According to Beirne and Goodling, the most in demand venue is the Pacific Room at the Long Beach Arena. A 46,000 square-foot venue with the flexibility to accommodate events ranging in size from large receptions to concerts, the facility is equipped with a professional lighting truss system and décor that event planners may use for no additional cost. Most weekend dates for the Pacific Room are booked solid in 2019, Goodling said. Beirne noted that the venue is often requested for rehearsal space by musical acts, but because they require a block of seven to 10 days of venue use, he is no longer able to accommodate such requests. “We actually got a call from a guy from KISS to do a rehearsal and we just couldn’t do it,” he noted.
This year, the CVB and convention center celebrated the completion of the Terrace Theater Plaza’s fountains, which were refurbished and upgraded with technology to create a Bellagio-like, customizable water show.
Over the past five years, the center has debuted several event venues equipped with theatrical lighting and sound, décor and other amenities at no added cost to meeting planners. The latest, and still undergoing finishing touches, is the Ocean View Club located on the third floor of the Terrace Theater. According to Goodling, it accommodates up to 100 people. “It has I think one of the best views of the Pacific Ocean looking out its windows,” he said, noting that the venue is horseshoe shaped. “To the right side, it’s a great city view and a great shot of the Queen Mary. We put a cool pool table in there, some great Restoration Hardware Chandeliers, some great furniture. It’s not finished yet,” he said.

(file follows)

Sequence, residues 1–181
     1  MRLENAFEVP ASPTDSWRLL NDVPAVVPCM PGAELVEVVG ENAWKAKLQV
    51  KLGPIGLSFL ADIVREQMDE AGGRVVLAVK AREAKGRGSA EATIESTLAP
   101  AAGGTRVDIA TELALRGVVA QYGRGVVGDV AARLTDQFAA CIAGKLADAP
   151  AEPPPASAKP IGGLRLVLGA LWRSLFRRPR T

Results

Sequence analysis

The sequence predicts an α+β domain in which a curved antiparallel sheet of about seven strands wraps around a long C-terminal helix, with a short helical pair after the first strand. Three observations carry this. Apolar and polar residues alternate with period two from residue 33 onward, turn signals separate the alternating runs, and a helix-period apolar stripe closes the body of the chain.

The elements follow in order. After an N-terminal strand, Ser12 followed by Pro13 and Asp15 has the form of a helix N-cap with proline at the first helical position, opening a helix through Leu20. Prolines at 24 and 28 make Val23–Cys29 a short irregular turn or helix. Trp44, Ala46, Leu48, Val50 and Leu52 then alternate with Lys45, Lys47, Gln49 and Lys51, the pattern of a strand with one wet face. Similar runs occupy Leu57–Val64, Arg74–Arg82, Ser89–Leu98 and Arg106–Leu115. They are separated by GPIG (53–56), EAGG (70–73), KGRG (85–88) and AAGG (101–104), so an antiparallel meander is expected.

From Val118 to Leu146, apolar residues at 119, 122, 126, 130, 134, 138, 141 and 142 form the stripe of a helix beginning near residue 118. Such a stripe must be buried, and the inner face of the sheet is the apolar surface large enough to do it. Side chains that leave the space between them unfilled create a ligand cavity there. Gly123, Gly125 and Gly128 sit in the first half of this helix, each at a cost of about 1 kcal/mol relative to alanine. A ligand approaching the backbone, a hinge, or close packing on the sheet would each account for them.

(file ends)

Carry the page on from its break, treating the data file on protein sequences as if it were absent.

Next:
“The one thing I find interesting is when I meet these clients, when we get into the younger meeting planners, they instantly respond to these spaces,” Goodling said of the center’s turnkey venues. “The older meeting planners, they think it’s fun, they like it, but I don’t see their enthusiasm because I don’t think they truly get what it is. . . . We’re prepared for the continued ascent of Millennial meeting planners. And these Millennial meeting planners are responding very favorably to the enhancements that have been created.”
The CVB continues to leverage these venues in its marketing to meeting planners, citing the cost savings they offer as unique to Long Beach. The venues help the CVB stand out amongst the competition, which, according to Goodling, are primarily big box hotels with up to 800 or more rooms that also offer space for meetings. At the top of the list of competitors is Gaylord Hotels, a chain that boasts the slogan, “everything in one place.” These hotels, according to Goodling, are virtually miniature cities unto themselves. They include upwards of 1,000 guest rooms and convention space, and even boast amenities such as water parks, spas and nightclubs.